What if the 2016 GOP nominee was "none of the above"? As the GOP marches toward the potential chaos of a contested convention this summer, the idea that a drafted nominee, who may never have even competed in the primaries, could somehow rescue the Republican party from themselves, has gained traction.
Should front-runner Donald Trump suffer a defeat in Wisconsin on Tuesday, as he is widely expected to after one of his worst political weeks ever, it's very likely that none of three remaining Republican candidates will reach the magical 1,237 delegate threshold to secure their party's nomination on the first ballot at the July convention in Cleveland. What happens next is ripe for speculation.
Some delegates bound to Trump on the first ballot have already hinted to the press that they'll bolt in round two. Meanwhile, there has been much hand-wringing over the prospect of Sen. Ted Cruz as the GOP's plan B. And the guiding principle behind Gov. John Kasich's candidacy at this point appears to be to scoop up the nomination at the convention when his two rivals fail to build consensus, despite trailing both of them by a wide margin in polls, number of contests won, and delegate count. All of this uncertainty, coupled with troubling early polls suggesting that Trump would lose in a rout to a Democratic nominee and that Cruz would also face an uphill battle, has led many pundits to presume dissatisfaction on the part of the so-called establishment with all their options.
A drafted nominee would not be entirely unprecedented. In 1968, Hubert Humphrey was the Democrats' standard bearer, although he had never been at the mercy of the primary voters. Prior to that in 1952, the party did the same thing, choosing Gov. Adlai Stevenson over Sen. Estes Kefauver (even though he'd won 12 of 15 primaries that year). Both nominees wound up losing the general election, although it's unclear if a perception of illegitimacy played a role in their defeats.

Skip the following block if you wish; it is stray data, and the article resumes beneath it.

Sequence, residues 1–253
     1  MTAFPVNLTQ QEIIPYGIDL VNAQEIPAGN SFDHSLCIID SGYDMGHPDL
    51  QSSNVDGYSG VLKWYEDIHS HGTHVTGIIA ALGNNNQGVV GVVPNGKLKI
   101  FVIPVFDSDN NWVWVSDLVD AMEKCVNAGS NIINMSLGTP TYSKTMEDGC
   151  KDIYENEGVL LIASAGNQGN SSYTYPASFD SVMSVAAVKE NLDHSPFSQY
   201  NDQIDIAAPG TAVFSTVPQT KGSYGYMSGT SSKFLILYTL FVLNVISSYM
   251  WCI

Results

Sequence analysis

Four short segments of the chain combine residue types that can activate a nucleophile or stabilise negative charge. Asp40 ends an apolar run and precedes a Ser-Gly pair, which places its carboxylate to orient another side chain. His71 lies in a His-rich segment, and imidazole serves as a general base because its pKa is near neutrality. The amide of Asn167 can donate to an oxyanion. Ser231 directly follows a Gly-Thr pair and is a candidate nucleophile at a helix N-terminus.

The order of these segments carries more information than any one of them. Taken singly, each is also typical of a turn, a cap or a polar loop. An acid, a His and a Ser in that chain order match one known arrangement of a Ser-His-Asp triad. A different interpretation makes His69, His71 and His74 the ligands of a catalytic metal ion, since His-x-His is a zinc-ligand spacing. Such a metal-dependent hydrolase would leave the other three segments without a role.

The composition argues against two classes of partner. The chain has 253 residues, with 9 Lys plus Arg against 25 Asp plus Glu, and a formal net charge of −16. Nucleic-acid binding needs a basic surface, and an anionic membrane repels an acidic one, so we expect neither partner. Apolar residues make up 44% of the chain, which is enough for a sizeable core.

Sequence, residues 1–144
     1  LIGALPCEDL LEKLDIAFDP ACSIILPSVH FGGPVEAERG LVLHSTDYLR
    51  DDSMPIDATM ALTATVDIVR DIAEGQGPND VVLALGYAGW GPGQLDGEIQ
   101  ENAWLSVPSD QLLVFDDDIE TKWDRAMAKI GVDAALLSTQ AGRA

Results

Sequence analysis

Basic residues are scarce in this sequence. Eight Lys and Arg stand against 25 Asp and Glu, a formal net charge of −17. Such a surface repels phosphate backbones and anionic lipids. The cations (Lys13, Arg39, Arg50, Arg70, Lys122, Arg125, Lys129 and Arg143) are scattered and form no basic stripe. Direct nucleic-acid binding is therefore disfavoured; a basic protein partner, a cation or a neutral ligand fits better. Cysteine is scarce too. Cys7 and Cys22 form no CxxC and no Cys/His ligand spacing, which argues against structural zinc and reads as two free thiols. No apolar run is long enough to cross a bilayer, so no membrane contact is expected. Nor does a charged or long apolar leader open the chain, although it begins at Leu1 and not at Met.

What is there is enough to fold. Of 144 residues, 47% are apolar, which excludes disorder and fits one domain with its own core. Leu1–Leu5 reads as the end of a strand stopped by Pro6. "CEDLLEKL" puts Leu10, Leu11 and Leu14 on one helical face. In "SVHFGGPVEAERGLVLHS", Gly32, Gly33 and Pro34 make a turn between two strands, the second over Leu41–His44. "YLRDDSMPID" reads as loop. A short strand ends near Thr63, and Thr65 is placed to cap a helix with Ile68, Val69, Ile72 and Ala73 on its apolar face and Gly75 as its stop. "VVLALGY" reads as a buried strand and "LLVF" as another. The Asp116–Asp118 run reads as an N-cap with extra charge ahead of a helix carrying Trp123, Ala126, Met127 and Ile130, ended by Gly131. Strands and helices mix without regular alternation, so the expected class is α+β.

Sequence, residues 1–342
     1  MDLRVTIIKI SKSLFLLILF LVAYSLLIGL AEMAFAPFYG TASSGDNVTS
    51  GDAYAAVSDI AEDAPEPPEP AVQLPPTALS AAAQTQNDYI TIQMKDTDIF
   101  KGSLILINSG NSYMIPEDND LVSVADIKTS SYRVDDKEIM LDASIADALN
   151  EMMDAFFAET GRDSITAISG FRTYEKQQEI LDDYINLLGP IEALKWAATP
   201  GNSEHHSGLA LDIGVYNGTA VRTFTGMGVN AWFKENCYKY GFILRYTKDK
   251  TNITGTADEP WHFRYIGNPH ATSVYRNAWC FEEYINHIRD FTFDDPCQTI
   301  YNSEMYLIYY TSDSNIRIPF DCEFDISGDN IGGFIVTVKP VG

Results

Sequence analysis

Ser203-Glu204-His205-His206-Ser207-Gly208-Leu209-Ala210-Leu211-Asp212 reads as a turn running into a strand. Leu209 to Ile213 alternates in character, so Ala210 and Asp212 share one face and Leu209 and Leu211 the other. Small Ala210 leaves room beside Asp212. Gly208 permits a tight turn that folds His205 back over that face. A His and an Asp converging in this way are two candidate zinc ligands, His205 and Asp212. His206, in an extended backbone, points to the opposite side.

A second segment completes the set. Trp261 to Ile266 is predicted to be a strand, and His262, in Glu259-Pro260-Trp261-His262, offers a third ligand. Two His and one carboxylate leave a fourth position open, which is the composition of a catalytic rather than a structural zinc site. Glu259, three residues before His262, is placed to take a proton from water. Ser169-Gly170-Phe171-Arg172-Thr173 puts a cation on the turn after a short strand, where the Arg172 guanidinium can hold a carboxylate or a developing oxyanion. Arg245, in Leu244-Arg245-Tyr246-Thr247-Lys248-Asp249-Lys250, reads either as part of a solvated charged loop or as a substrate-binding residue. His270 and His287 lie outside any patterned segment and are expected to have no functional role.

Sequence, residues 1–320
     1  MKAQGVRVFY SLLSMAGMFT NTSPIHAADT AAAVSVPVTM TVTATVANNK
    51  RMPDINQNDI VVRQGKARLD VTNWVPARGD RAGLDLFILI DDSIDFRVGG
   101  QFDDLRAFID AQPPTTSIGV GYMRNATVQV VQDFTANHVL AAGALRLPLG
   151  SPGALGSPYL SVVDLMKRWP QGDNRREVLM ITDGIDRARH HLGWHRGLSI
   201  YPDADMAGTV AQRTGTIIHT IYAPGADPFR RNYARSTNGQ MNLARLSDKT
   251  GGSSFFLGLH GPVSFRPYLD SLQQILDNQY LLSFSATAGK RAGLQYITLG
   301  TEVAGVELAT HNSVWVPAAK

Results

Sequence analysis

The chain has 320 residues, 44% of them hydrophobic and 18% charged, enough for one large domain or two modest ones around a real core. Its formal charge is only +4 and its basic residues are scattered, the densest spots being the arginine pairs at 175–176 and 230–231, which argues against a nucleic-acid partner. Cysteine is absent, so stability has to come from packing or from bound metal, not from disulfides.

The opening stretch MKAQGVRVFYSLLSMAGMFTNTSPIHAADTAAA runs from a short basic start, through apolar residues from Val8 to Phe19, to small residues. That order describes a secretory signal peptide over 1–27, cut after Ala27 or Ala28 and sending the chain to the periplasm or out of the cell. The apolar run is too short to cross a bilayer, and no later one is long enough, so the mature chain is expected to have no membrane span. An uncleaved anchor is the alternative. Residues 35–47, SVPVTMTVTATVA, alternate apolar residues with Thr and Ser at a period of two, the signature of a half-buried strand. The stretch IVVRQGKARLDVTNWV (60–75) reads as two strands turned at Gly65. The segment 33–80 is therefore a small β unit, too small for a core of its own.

It would no doubt be a gamble for Republicans. They would have to convince a large swath of the electorate that they made the wrong choice with their initial primary votes. We've rounded up a few names floated as potential "savior candidates" in the fall:
Speaker Paul Ryan - Despite his repeated entreaties not to be considered, the Speaker of the House and former VP nominee has become many conservatives' favorite fantasy candidate. He is the one figure in the party who appears to have the backing of both the grassroots and the D.C. elite. He has staked out territory as a more sensible alternative to Trump, taking the front-runner to task (without mentioning him by name) for his insensitive remarks about Muslims and his failure to repudiate the KKK. With a national profile and a strong conservative following, Ryan would have the benefit of not having to introduce himself to voters for the first time. And remember, Ryan resisted the Speaker role for weeks before finally caving in. However, Ryan has pushed back against attempts to include him in the conversation, and has said several times that he would "not accept" the nomination even if it was offered. He reiterated this position in an interview on Monday. But GOP insiders still think otherwise, according to Politico.